Do you mean that removing the low end is likely to result in a significantly lower peak amplitude in the output to the main speakers? I suppose that could be why they bump the gain. I'm not sure if that reasoning would hold true or not, I would think it would be dependent on what music is playing.
Yes, that's the gist of it.
My guess is that there is a bug in the DSP part of the Amp. The fact that the boost is exactly 3 dB suggests a coding error in the filtering software. It can be very easy to leave out a factor of 2. And a 3 dB boost is exactly double the power.
Like kumar and lahey, I don't know what the point would be in deliberately boosting the non-filtered frequencies by 3 dB.
Presumably, since the Amp's gain is entirely under software control, Sonos can calibrate it however they wish for different volume settings.
Agreed. They could have no boost at low volumes and larger boost at high volumes. Although, it is a bit of a coincidence that both hodgeal (in the original LS50 thread) and I found an exact 3 dB boost at whatever volume we tested (I was at 30%, I don't know about hodgeal).
3 dB is a doubling of power, but it takes 10 dB to achieve a perceived doubling of loudness.
So 3 dB changes are noticeable but not big.
The Sonos Amp becomes 250 wpc into 8 ohms?!
p.s. The Amp plus powered sub combo might now be 250W.
p.s. The Amp plus powered sub combo might now be 250W.
Why is it wrong to say it is 250W into 8 ohms for a 80-20k measurement? Isn't that what the p.s. also conveys, if the Sub delivers 250 wpc from 20 to 80 hz, that the combination is 250 wpc from 20-20k?
Suppose the same Sub was to be attached to the Sub out of a traditional HiFi stereo amp of the same power spec of the Sonos amp, 125 wpc into 8 ohms across 20-20k.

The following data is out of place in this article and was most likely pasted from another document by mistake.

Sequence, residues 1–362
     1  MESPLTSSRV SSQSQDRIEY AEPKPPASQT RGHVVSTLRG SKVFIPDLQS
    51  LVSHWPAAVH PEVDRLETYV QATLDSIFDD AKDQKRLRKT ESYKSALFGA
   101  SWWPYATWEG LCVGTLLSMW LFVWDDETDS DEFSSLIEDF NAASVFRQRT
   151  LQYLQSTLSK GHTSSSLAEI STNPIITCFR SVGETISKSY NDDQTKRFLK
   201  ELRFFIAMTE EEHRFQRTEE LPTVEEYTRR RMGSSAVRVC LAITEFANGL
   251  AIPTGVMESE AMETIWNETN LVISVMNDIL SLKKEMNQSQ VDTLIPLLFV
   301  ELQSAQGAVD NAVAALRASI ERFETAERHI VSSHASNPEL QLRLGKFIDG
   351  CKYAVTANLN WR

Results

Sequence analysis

1. Would that combo now be 250 wpc also?
2. The 3dB boost seen here, isn't typical for such amps, as far as I know. So how does this ability to drive the 80-20k to higher sound levels than before achieved? And if it never gets achieved, with unused headroom even with amp volume at 100%, does it mean that the combo is NOT 250 wpc, but 125 wpc as it was minus the Sub?
Given an 8 ohm impedance, I think the Amp can only put out 125W - this would be determined by the design of the amp, in particular its ability to push current through an 8 ohm load. If that power (ability to push current) is spread over 20-20k, you get a certain sound level. If that power is limited to 80-20k, then frequencies above 80 Hz can have a 3dB increased sound level (i.e. more current), but the total power is still 125W. The power saved from not having to reproduce the low frequencies is now able to be utilised for frequencies above 80 Hz. But the total available power is fixed at 125W by design.
I think this is correct. It is demonstrated by the measurements hodgeal and I made.
What I was doing with audacity was just filtering a music file, nothing really specific to the amp. I was just trying to see if high-pass filtering creates enough headroom to justify bumping gain with a sub crossover. I'd be interested to see what others find.